(via NOVA | Hunting the Elements)

This 2 hour special about the periodic table and the elements is airing tonight on PBS (9 p.m EDT).

A SHOUT OUT TO -periodic-meltdowns- ESPECIALLY!

Where do nature’s building blocks, called the elements, come from? They’re the hidden ingredients of everything in our world, from the carbon in our bodies to the metals in our smartphones. To unlock their secrets, David Pogue, the lively host of NOVA’s popular “Making Stuff” series and technology correspondent ofThe New York Times, spins viewers through the world of weird, extreme chemistry: the strongest acids, the deadliest poisons, the universe’s most abundant elements, and the rarest of the rare—substances cooked up in atom smashers that flicker into existence for only fractions of a second.

Why are some elements like platinum or gold inert while others like phosphorus or potassium violently explosive? Why are some vital to every breath we take while others are lethal toxins that killed off their discoverers such as Marie Curie? As he digs for answers, Pogue reveals the story of the elements to be a rich stew simmering with passion, madness, and obsessive scientific rivalry. Punctuated by surprising and often alarming experiments, this program takes NOVA on a roller-coaster ride through nature’s hidden lab and the compelling stories of discovery that revealed its secrets.

(via NOVA | Hunting the Elements)

mabelmoments:

Photograph: Courtesy of Emiko Paul and Quade Paul/ Echo Medical Media; Ron Gamble/UAB Insight/Science. 2011 International Science & Engineering Visual Challenge
Tumour death-cell receptors on breast cancer cell (Illustration – Honorable Mention). This artist’s illustration shows a monoclonal antibody (green) developed by scientists at the University of Alabama binding to a ‘death cell receptor’ on a cancer cell (top left). This triggers the cell’s inbuilt suicide program (apoptosis).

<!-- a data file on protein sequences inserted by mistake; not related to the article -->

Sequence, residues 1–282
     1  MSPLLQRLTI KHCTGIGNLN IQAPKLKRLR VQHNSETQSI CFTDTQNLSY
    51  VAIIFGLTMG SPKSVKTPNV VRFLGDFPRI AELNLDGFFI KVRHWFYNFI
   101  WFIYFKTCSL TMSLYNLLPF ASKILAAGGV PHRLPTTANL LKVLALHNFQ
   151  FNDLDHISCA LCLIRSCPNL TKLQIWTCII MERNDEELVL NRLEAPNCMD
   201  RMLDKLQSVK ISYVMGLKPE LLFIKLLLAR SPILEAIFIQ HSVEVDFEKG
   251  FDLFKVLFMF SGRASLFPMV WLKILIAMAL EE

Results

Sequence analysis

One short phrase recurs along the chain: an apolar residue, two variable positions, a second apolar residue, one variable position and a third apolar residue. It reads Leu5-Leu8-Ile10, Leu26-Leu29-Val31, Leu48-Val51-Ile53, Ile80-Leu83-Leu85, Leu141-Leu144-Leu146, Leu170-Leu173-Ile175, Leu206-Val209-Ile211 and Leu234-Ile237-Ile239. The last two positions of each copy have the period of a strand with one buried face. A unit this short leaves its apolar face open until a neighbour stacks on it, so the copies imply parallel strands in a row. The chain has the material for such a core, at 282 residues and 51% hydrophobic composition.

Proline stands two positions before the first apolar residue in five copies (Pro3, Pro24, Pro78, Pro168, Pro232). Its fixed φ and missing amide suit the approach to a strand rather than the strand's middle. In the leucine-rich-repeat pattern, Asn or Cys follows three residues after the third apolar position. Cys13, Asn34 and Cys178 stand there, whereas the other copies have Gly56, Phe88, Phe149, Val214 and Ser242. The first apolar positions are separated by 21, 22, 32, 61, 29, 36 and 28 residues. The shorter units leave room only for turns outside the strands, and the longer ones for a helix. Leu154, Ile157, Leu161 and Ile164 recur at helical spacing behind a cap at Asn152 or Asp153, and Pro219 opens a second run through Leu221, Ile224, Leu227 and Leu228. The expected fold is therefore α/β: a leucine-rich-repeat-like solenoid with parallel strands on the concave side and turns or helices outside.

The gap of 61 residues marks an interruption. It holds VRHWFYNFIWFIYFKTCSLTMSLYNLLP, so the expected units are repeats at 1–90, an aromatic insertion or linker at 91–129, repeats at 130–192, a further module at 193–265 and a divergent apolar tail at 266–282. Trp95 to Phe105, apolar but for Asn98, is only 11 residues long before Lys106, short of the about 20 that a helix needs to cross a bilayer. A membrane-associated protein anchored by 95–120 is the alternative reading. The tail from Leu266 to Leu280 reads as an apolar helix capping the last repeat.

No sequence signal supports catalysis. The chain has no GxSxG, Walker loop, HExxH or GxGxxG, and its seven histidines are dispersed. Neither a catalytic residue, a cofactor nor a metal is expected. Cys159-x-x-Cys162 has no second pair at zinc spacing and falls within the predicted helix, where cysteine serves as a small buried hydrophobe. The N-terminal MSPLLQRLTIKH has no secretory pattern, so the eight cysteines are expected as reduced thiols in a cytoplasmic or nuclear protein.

It looks like a setting for a sci-fi movie.
(I wish those monoclonal antibodies were as super specific as the researchers would like them to be. They seem to end up hitting receptors on cells you don’t want taken out.)

mabelmoments:

Photograph: Courtesy of Emiko Paul and Quade Paul/ Echo Medical Media; Ron Gamble/UAB Insight/Science. 2011 International Science & Engineering Visual Challenge

Tumour death-cell receptors on breast cancer cell (Illustration – Honorable Mention). This artist’s illustration shows a monoclonal antibody (green) developed by scientists at the University of Alabama binding to a ‘death cell receptor’ on a cancer cell (top left). This triggers the cell’s inbuilt suicide program (apoptosis).

It looks like a setting for a sci-fi movie.

(I wish those monoclonal antibodies were as super specific as the researchers would like them to be. They seem to end up hitting receptors on cells you don’t want taken out.)

Desertmar asked about the big spider trees and the reduction of malaria. I’m filching the nice caption explaining the life cycle of the organisms that cause malaria, Plasmodium spp. Plasmodium is a protozoa that requires mosquitoes to be vectors to spread the organism and needs them (as well as the human) to go through the life cycle and multiply.  Mosquito nets can be extremely helpful in areas with malaria to reduce exposure to mosquitoes.  I also remember when we learned about sickle cell anemia in various classes in vet school that sickle cell anemia is prevalent in people who live in areas (or have ancestry) where malaria is prevalent.  The Plasmodium organism can’t live in a sickled red blood cell and I remember hearing about it being an adaptation (albeit not a good adaptation) to the disease.  That kind of not so great adaptation is thought to be behind cystic fibrosis which is a mutation of a chloride channel in the cell (and is prevalent in people who live or have ancestry in places where cholera is/was endemic). I could say more but then I’ll never publish this post and instead frantically keep trying to edit the draft and then finally give up.
Here’s lots of info about malaria at the CDC website.
(I can’t really help with the spider thing - *shudder*)